Thus, in diagnosis, areas far removed from the teeth came to be
matters of concern. Diagnosis was expanded to analysis of the muscle and
neuromuscular systems. Function of the lips came to be related to problems
in bite function.
Objective 9
Ricketts ninth objective was “Environmental control”. The scientific
theory era also brought renewed interest in the environment as an etiologic
factor. Heredity had come to be regarded as the primary and most important
factor in etiology, but it was recognized that man always will be
"bombarded" by his environment. The adverse factors in environment
became problems in diagnosis to those who studied their patients carefully.
Environment usually was considered to be involved with function alone, but
the total aggregate of environment was noted to include hormones, climate,
nutrition, disease states and psychologic states as well as the physical forces
on the teeth by function or habits. Certain of these environmental factors
which could be controlled within limits became a part of usual differential
diagnosis. Diet was important for control of caries, as well as the practice of
fluoridating the teeth. Dental hygiene was a factor in health of the soft
The Evolution Of Diagnosis To Computerized Cephalometrics
tissues. Prolonged systemic diseases were limited, but allergies were
common and influenced treatment and results. Psychologic states or
temperament were often a part of habit patterns and, for the most part, habits
detrimental to the development of occlusion required direct diagnosis. The
respiratory tract loomed as an important diagnostic consideration.
Particularly, the tongue and lip function constituted important factors for
concern. Mandibular posture, chewing patterns and even conditions caused
by mimicry became significant. Therefore, control of the environment as an
objective and the role of environment as a diagnostic factor emerged
strongly in a new light.
Objective 10
“Critical prognosis” tenth objective by Ricketts. Diagnosis contains an
element of prognosis because the decision reached regarding the nature of a
condition includes that which will happen if nothing is done. Developments
therefore caused a critical prognosis to be taken into consideration, which
meant extensive and complete diagnosis as a basis.
Details thus were added to cephalometric analysis. This included the
cranial base, cervical vertebrae, glenoid fossa, characteristics and locations
of the individual components of the facial complex, such as the upper and
lower jaws, together with the nasal cavity. The functional dynamics of the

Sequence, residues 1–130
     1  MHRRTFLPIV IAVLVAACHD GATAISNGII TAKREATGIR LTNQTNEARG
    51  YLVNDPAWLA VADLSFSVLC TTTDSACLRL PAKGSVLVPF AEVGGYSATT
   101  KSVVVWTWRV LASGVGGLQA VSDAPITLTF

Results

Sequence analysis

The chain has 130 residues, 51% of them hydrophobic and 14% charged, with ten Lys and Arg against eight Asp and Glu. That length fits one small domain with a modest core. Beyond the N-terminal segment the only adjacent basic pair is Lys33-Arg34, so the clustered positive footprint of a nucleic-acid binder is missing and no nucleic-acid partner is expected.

mandible were considered as well as soft tissues in speech, breathing, and
deglutition. Conditions of esthetics were taken beyond strict subjectivity as
normal and abnormal lip and mouth relations were described.
Cephalometric films of patients treated with extraoral traction began
to suggest skeletal changes in the midface which were beyond the usual. Not
The Evolution Of Diagnosis To Computerized Cephalometrics
all cases which appeared overexpanded in treatment were observed to
relapse. Some grew better and some worsened with maturity. Because of this
variety of behavior, men began to take a closer look at the mechanisms of
growth in the face. Direct application of the vectors and gradients of growth
was sought and the idea of critical prognosis or prediction assumed utmost
importance. The tool again was cephalometrics. The behavior of the patient
had to be estimated in the light of the treatment itself.
Certainly, the orthodontic model alone was inadequate for diagnosis.
Even the description of orthopaedic relation added to model diagnosis was
inadequate for complete analysis. The projection of growth, together with
the prognosis of orthopaedic and soft-tissue change, became the frame of
reference for diagnosis and hence prognosis. The method became
controversial in view of the biologic nature of the situation.
measurements were proposed which became confusing. The tracing of films
and the erection of lines and planes of reference was time consuming. Men
failed to analyze their patients routinely. The analysis was technical, and the
tendency grew for the clinician to gloss over the details or simply to leave
detailed analysis and prognosis undone. It was obvious that help was needed
for sophistication in contemporary diagnosis. It was only natural to turn to
advances in technology in the broader spectrum of science for this kind of
Era of Cybercultural Communication
The head film lent itself to optical scanning and graphic display for
accurate and reliable measurement. Thus, the head film (both the lateral and
the frontal views) offered a practical use for the computer. The computer had
The Evolution Of Diagnosis To Computerized Cephalometrics
been employed to describe, digest and store prodigious amounts of
information in the form of data. This information concerning all aspects of
diagnosis from all sources in addition to measurements from the head film,
was subjected to advanced equations and answers were supplied with
lightning speed. Once this kind of procedure was perfected, older methods
became quickly outmoded and crude by comparison. All that was needed
was for the combined disciplines to put it together.
Objective 11
Ricketts eleventh objective was “Diagnostic feedback”. Information
once was stored only in the brain of the individual clinician and was limited
to his own personal experience with treated cases. Now, through the
computer, a practical experience could be extended to virtually the total
population. Information was gained through the cooperation of orthodontists
and general dentists all over the world who would apply their patients'